6th suspect to be arraigned in killing near YSU
By Peter H. Milliken
Police say they believe Mark Jones was actively involved in the Feb. 6 shootings at a house party on Indiana Avenue just north of Youngstown State University.
Jones, 20, of Cambridge Avenue, is in Mahoning County jail on murder and felonious-assault charges, having surrendered to police Monday morning accompanied by his lawyer Sam Amendolara.
Jones is the sixth man charged in the shootings, and he is a brother of Columbus Jones Jr., 22, of the same Cambridge Avenue address, who a county grand jury indicted last week on charges of murder, firing a gun at or into a habitation, and 11 counts of felonious assault, with firearm specifications.
“He was actively involved,” Police Chief Jimmy Hughes said of Mark Jones on Monday. Police believe Mark Jones was armed at the shooting scene, but Hughes declined to say if Mark Jones fired a gun there or provide any other details of the case. “The investigation is ongoing,” the chief added.
Hughes said Mark Jones may have his video arraignment in municipal court today or Wednesday, and that authorities hope to make a direct presentment of the case soon to the grand jury.
Jamail Johnson, a 25-year-old YSU student, was killed, and 11 others were wounded in the 3:30 a.m. gunfire.
The others charged in the case are Demetrius Wright, 20, of West Avondale Avenue, and Jamelle Jackson, 18, of West Boston Avenue, who the grand jury indicted last week on charges of carrying concealed weapons, tampering with evidence and obstructing justice.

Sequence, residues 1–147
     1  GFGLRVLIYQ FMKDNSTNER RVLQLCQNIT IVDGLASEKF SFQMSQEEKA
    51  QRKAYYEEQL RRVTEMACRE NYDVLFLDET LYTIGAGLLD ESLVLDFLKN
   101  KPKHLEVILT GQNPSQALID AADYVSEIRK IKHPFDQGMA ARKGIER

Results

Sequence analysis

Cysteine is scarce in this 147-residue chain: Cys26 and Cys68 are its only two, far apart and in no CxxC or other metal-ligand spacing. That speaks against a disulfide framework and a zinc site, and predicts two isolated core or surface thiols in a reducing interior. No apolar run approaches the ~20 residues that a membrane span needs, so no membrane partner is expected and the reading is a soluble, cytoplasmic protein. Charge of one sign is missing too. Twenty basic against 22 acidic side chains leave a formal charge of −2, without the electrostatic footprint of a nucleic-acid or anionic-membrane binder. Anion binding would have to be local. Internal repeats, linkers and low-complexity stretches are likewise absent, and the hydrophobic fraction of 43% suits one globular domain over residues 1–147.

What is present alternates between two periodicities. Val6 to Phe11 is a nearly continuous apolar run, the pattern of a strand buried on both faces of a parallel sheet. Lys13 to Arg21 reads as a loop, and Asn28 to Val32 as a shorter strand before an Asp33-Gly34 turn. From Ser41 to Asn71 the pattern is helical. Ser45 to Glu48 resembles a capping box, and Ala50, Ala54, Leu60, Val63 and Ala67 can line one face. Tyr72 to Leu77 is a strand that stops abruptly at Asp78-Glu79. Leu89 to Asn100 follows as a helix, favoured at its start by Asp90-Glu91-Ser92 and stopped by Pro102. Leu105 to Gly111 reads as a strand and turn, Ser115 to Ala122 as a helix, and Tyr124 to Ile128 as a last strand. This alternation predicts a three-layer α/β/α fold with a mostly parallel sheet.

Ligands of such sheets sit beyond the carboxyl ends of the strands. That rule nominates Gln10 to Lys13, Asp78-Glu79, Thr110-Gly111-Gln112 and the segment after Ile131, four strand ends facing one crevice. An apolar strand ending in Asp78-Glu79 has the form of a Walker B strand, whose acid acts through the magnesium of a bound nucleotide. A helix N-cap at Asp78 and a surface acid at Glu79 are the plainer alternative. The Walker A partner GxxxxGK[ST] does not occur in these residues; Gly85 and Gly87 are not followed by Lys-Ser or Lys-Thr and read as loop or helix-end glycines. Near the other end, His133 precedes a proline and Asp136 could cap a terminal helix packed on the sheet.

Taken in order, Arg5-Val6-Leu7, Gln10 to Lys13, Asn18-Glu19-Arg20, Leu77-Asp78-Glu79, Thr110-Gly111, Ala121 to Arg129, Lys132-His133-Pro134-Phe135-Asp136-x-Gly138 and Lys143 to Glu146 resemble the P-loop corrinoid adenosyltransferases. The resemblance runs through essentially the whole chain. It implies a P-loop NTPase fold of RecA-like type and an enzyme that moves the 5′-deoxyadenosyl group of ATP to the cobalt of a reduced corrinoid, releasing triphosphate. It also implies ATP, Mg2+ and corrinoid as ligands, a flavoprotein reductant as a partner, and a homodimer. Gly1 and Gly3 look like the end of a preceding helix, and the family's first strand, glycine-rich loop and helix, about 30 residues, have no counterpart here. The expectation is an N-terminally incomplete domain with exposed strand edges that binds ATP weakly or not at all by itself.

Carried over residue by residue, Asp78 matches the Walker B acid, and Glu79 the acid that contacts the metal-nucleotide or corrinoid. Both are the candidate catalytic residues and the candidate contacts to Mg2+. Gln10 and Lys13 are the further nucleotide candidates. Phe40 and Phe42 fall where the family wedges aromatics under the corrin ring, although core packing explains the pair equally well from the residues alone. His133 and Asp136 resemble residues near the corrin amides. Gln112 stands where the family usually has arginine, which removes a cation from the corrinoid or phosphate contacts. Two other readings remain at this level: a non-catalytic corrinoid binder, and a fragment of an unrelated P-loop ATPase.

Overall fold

The grand jury last week also indicted Brandon Carter, 22, of East Ravenwood Avenue, on a felony charge of obstruction of justice.
Braylon Rogers, 19, of East Lucius Avenue, initially was charged with aggravated murder and 11 counts of felonious assault, but those charges against him were dismissed when he pleaded guilty Feb. 14 to a felony charge of illegal possession of a firearm. He will be sentenced for that crime at a later date.
Rogers posted $500 bond and was released from county jail last week. He has promised prosecutors he’ll testify against the other defendants.
Columbus Jones Jr. originally was charged with aggravated murder, but the grand jury declined to indict on that charge, deciding instead to indict on the lesser charge of murder.
To convict him of aggravated murder, which would carry a potential sentence of life in prison or death, a trial jury would have to be convinced he killed “with prior calculation and design,” county Prosecutor Paul J. Gains explained.
The grand jurors indicted only on the murder charge because they weren’t convinced the evidence would support prior calculation and design, he said. A murder conviction carries a sentence of 15 years to life in prison, with three additional years for a gun specification.